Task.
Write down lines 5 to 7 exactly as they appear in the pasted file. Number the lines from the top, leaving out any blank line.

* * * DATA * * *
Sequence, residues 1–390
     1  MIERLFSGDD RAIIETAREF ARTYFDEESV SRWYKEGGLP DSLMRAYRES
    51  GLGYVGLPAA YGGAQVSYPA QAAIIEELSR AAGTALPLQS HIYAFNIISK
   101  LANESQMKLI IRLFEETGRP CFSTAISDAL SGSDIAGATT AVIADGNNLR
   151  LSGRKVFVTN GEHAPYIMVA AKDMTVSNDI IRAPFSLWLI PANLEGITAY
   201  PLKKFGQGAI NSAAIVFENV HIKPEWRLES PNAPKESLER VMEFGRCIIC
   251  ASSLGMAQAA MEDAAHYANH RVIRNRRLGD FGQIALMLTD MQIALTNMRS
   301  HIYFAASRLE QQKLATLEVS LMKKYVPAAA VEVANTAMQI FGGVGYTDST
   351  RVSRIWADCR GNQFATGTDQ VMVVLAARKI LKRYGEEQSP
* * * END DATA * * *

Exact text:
   151  LSGRKVFVTN GEHAPYIMVA AKDMTVSNDI IRAPFSLWLI PANLEGITAY
   201  PLKKFGQGAI NSAAIVFENV HIKPEWRLES PNAPKESLER VMEFGRCIIC
   251  ASSLGMAQAA MEDAAHYANH RVIRNRRLGD FGQIALMLTD MQIALTNMRS